President Carleton Toppe (1914-1998) began his ministry at Northwestern College in 1948 as professor of English. He became registrar in 1954 and then served as the college’s fifth president from 1959 to 1987. His presidency saw great changes at the school, all introduced with care and deliberation. Two dormitories, a gymnasium, and a remodeled auditorium were added to campus. The preparatory department was separated from the college department and renamed “Northwestern Preparatory School.” The college sought and was granted accreditation. And the curriculum was redrawn, with a reduction in required credits, a reduced emphasis on languages, and the addition of many electives.

1865-1869 Adam Martin 1869-1870 Lewis O. Thompson 1871-1919 Dr. August F. Ernst 1919-1959 Erwin E. Kowalke

1959-1987 Carleton Toppe 1987-1993 Robert J. Voss 1993-1995 John Braun

Dr. Martin Luther College 1884-1885 Christian J. Albrecht 1885-1893 Otto Hoyer

A gifted teacher and leader, Carleton Toppe served the college and the church well for four decades. In his retirement he wrote a history of Northwestern College, Holding the Course: Northwestern College 125 (Northwestern Publishing House: 1990).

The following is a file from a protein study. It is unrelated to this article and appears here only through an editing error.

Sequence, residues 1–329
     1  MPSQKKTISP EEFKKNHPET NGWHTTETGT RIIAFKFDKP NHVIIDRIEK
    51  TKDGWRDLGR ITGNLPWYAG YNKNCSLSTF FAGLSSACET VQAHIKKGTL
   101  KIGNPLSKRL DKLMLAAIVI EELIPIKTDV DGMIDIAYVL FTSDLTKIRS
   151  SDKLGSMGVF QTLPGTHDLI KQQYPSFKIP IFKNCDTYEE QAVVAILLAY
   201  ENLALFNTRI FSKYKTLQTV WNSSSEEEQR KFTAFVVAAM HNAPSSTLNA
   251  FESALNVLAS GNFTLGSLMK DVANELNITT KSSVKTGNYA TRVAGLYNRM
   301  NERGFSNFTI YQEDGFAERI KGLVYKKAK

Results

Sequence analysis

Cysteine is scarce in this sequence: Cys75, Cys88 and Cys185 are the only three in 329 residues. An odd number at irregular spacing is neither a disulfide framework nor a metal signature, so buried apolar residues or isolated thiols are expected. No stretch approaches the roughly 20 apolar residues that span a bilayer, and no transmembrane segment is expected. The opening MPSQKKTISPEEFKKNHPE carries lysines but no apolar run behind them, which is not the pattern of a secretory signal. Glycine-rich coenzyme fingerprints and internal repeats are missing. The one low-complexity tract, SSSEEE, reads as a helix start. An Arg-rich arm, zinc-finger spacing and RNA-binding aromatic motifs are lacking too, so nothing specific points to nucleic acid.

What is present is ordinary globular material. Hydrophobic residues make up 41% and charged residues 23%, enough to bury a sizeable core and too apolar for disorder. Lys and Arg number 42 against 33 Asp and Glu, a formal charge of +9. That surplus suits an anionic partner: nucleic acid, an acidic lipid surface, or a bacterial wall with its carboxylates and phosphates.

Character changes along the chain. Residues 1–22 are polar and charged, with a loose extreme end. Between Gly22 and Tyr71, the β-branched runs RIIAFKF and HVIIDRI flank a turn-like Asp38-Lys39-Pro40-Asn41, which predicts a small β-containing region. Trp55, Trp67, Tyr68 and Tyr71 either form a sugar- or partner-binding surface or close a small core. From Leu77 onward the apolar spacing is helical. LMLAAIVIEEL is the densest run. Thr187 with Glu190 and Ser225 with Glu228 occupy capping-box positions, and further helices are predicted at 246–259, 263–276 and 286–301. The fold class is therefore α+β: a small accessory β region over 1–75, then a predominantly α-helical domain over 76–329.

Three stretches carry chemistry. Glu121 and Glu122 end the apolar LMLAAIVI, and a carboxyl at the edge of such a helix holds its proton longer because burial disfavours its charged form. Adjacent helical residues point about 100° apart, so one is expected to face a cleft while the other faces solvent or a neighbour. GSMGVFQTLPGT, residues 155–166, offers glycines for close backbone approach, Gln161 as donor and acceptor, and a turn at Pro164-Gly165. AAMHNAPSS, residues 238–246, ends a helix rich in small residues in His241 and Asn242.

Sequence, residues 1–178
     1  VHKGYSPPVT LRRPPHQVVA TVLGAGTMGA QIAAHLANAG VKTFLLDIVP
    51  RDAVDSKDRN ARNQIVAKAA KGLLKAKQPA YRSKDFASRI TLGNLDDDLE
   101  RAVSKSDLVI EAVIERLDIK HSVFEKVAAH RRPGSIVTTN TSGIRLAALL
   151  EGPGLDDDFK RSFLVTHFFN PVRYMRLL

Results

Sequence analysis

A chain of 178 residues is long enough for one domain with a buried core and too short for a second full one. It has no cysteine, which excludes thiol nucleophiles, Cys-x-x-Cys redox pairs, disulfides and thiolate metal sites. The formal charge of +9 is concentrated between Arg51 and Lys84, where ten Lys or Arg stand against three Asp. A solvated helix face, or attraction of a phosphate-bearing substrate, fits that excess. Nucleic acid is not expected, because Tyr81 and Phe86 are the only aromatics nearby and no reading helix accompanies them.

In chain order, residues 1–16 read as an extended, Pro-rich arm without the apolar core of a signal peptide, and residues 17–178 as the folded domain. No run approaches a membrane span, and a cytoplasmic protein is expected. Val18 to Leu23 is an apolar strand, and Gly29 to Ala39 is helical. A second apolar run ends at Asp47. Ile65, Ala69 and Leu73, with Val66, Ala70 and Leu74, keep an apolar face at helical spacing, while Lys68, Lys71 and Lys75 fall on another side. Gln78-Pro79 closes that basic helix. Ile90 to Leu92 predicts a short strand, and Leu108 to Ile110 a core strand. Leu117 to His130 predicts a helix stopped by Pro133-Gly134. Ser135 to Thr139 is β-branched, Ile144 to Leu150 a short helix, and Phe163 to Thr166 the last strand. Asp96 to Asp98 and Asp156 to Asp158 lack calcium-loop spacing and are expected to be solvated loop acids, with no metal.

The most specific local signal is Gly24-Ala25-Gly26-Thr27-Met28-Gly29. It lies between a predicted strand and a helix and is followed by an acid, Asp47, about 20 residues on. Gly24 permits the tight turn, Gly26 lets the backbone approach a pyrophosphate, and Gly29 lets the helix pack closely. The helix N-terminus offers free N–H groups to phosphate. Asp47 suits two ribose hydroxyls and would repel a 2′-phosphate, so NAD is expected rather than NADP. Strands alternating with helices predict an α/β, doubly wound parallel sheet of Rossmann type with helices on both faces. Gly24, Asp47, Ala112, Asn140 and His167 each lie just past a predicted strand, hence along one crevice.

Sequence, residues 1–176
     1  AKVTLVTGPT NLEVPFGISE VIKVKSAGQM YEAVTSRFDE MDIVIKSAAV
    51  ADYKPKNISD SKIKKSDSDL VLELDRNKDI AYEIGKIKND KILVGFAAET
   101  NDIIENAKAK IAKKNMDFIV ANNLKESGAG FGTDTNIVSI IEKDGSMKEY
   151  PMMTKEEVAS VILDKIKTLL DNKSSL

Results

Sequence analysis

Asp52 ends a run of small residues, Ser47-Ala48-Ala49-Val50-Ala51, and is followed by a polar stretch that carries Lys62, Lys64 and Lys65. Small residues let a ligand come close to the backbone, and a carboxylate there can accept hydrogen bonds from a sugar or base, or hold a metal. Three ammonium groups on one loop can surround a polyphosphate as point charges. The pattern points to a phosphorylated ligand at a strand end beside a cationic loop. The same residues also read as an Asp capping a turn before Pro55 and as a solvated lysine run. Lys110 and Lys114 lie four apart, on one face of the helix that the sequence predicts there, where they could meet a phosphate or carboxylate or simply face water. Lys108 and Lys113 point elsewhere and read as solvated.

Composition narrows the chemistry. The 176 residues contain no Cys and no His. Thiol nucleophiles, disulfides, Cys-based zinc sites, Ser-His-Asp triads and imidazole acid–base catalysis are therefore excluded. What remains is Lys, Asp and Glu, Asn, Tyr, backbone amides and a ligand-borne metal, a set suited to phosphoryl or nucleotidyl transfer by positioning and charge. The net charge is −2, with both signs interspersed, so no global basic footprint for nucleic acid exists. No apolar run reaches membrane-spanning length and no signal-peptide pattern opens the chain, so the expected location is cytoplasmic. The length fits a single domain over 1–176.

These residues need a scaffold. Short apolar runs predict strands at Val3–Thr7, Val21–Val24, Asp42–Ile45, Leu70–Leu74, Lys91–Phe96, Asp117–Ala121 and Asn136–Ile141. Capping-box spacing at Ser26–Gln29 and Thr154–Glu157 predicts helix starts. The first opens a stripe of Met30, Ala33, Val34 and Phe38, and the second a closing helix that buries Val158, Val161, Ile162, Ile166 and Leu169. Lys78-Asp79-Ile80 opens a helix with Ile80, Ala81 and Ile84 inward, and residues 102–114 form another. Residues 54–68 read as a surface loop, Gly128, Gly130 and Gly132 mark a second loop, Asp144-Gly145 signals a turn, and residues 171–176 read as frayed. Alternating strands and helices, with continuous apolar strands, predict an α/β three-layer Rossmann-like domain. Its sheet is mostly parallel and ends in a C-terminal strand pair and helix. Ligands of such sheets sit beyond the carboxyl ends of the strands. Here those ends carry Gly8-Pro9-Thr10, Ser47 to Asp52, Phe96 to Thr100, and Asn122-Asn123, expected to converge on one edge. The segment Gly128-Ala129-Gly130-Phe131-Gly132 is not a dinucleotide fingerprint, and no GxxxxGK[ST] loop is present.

1893-1908 John Schaller

The Northwestern College Alumni Society honors the NWC presidents through memorial scholarships. The Carleton Toppe Grant for GPA and Religion is awarded annually to a preseminary student based upon his campus citizenship and participation, potential for pastoral ministry, and excellence in academics, especially religion.

1918-1920 Johannes P. Meyer

Northwestern College served as the WELS preseminary college from 1865 to 1995, when it amalgamated with Dr. Martin Luther College to form the present Martin Luther College.

1980-1993 Lloyd O. Huebner

1908-1918 Adolph Ackermann 1920-1935 Edmund Bliefernicht 1936-1966 Carl L. Schweppe 1966-1980 Conrad Frey 1993-1995 John Lawrenz

Martin Luther College 1994-2007 Theodore Olsen 2007-present Mark Zarling

Eunice Schulz DMLC 1963 Oak Creek WI

Diane Roekle DMLC 1978 Saginaw MI

Joseph Christina MLC 1998 Grayslake IL

Yvonne Relien DMLC 1968 Hortonville WI